WASHINGTON — This time of year, Republican leader Mitch McConnell’s office suite, steps away from the Senate floor, often crackles with a fire in the hearth. On Wednesday, it sat shuttered and almost empty.
The cold stillness captured the state of affairs as senators and President Obama prepared to return to work Thursday facing an imminent deadline to avoid across-the-board tax increases and large spending cuts scheduled to take effect Tuesday.
McConnell would play the key role in any effort to avoid that so-called fiscal cliff. The House, which was unable last week to agree even to a proposal by Speaker John A. Boehner, is not scheduled to return to session, although members could be called back on 48 hours’ notice. Boehner and his leadership team released a statement Wednesday saying the House would not act until the Senate made its move.
In the Senate, any deal on taxes and spending would be impossible without at least tacit approval from McConnell, given the power afforded the minority under the chamber’s complex rules.
But an aide said Wednesday that McConnell had not been in contact with any top Democrats, including Sen. Harry Reid (D-Nev.), the majority leader, during the holiday break. McConnell and Obama have almost no working relationship. White House aides have mostly been talking with Senate Democrats, officials said.
Always cautious, McConnell has kept a decidedly low profile during the last few weeks of political theater in the Capitol. The quiet, calculating Kentucky senator has played a crucial role in masterminding solutions to political stalemates in the past. In summer 2011, he devised the complicated legislative maneuver that helped resolve the debt ceiling showdown between Obama and congressional Republicans. A year ago, he found a way for the Senate to extend an expiring payroll tax break when Boehner could not get his House majority to budge.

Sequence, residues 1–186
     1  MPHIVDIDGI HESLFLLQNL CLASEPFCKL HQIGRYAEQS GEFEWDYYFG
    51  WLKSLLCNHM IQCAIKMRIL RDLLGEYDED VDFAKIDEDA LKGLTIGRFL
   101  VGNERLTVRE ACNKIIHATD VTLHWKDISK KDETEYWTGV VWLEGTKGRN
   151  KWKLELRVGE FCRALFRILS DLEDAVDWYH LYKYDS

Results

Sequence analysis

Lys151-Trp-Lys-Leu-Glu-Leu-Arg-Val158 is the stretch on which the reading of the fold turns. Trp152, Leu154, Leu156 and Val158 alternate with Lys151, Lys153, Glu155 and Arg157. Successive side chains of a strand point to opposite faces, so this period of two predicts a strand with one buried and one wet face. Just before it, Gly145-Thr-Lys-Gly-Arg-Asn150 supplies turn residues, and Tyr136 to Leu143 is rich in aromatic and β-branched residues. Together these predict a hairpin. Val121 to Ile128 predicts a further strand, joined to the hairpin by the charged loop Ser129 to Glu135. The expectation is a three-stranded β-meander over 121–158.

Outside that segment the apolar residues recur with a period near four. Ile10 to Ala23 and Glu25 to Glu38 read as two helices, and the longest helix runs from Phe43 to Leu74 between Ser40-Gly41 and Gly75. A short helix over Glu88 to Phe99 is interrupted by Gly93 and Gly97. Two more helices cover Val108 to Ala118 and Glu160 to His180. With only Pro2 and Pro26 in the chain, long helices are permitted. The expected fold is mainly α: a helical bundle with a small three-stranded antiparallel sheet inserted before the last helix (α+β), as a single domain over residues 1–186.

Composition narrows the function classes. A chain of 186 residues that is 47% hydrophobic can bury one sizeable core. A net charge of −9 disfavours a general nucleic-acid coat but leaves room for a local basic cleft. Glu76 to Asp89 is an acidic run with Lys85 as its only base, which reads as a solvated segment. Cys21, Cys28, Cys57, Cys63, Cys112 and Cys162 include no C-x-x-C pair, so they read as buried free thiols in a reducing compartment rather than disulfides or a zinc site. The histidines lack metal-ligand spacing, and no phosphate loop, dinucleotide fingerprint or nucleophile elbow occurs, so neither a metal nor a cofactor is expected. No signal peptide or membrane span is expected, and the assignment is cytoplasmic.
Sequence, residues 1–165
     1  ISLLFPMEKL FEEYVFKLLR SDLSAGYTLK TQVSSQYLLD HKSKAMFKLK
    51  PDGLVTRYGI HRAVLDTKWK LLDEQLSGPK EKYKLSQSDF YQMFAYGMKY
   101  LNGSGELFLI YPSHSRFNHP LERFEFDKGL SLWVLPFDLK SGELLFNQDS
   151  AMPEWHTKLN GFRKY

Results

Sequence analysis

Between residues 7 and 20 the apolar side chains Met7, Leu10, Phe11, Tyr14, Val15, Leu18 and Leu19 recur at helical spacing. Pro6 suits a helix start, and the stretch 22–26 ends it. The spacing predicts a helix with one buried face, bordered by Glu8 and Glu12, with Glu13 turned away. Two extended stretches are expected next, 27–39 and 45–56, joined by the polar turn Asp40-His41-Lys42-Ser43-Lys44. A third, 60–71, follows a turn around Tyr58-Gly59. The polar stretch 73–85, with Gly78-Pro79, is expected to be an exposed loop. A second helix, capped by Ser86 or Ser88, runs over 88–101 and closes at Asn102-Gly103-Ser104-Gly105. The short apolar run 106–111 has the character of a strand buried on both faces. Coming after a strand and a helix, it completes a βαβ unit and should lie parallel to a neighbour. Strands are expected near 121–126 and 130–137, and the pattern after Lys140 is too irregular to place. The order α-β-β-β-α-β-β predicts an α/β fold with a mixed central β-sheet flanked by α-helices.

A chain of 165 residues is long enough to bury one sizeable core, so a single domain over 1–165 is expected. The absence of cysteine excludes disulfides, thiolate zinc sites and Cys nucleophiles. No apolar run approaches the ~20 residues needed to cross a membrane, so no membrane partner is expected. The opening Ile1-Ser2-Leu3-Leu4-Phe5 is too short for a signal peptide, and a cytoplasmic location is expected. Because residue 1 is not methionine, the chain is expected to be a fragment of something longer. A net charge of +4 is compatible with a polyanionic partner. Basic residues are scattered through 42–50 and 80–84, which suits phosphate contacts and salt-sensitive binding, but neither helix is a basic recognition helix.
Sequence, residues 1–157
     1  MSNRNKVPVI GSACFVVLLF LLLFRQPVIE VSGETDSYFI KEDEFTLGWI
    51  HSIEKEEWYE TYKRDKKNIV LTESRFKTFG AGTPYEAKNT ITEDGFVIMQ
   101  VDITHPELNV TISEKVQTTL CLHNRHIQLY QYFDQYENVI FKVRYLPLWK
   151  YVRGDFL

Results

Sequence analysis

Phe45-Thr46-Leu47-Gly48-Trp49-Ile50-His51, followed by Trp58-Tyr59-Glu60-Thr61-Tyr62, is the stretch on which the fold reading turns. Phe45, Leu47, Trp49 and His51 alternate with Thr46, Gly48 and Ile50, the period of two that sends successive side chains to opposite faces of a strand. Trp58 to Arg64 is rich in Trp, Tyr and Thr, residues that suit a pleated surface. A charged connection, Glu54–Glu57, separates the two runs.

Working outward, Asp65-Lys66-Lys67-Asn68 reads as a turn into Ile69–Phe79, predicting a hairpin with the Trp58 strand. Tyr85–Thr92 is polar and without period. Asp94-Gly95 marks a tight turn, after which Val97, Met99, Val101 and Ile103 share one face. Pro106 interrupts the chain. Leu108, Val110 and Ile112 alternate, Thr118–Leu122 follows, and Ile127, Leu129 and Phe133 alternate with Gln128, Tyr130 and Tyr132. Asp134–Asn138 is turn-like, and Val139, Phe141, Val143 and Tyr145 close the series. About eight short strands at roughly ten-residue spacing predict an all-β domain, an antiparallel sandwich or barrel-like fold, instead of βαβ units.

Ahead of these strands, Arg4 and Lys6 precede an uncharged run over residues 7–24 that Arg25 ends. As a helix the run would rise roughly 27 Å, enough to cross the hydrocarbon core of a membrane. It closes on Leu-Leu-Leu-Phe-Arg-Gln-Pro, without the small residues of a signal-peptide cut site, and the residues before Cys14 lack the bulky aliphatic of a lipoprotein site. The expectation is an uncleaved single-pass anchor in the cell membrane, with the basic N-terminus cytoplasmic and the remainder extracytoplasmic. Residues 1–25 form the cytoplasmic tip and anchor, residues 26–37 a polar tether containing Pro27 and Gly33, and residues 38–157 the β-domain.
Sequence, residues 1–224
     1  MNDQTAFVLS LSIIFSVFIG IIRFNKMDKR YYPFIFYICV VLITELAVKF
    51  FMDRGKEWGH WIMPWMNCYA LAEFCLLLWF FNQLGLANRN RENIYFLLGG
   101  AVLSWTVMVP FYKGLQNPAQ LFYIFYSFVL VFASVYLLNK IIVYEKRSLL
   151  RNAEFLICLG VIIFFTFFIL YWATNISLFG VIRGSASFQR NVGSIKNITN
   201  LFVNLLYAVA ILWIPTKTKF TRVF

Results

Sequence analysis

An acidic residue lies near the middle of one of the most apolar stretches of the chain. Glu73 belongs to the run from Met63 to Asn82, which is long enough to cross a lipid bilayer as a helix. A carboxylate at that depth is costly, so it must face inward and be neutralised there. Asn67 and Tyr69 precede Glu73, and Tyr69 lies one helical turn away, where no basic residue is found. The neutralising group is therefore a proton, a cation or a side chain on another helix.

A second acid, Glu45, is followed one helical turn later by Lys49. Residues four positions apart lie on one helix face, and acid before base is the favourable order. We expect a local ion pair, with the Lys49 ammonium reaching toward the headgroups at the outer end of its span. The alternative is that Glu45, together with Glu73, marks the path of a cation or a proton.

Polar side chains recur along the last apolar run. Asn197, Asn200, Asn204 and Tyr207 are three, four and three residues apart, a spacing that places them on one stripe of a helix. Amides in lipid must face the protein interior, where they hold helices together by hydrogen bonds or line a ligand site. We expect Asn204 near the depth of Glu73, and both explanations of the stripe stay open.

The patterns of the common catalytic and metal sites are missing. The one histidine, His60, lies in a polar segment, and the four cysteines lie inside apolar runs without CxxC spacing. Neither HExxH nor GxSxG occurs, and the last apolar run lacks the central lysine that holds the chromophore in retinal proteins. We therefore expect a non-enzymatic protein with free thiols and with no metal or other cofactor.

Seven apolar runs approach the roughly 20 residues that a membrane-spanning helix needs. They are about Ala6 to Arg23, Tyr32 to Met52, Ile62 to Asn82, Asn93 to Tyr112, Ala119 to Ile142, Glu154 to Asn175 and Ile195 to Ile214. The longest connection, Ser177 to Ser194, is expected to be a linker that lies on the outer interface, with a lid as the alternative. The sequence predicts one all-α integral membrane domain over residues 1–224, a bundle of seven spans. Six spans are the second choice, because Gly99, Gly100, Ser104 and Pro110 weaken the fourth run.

Behind the scenes, he also helped devise Boehner’s Plan B maneuver, which failed to gain enough Republican votes to be brought up in the House. In the aftermath of that defeat, however, McConnell may be unwilling to take on the job of deal-maker. The reasons reflect the pressures that have buffeted his fellow Republicans.
“I cannot emphasize how little a constructive role he will play in this,” Democratic strategist Jim Manley, a former top Reid aide, said of McConnell. “He’s going to be very reluctant to get involved, and to the extent he does get involved, he’s going to move very slowly.”
Polls continue to indicate the Republicans will take much of the public blame if taxes go up on everyone Jan. 1.
Yet any compromise with Obama would involve allowing taxes to go up on at least some wealthy Americans. That would violate the across-the-board opposition to tax increases that has been Republican orthodoxy for almost a generation.
McConnell, a political pragmatist who was a latecomer to the tea party wave, faces a reelection campaign in 2014. A compromise with Obama could pose a problem for him with conservative activists back home.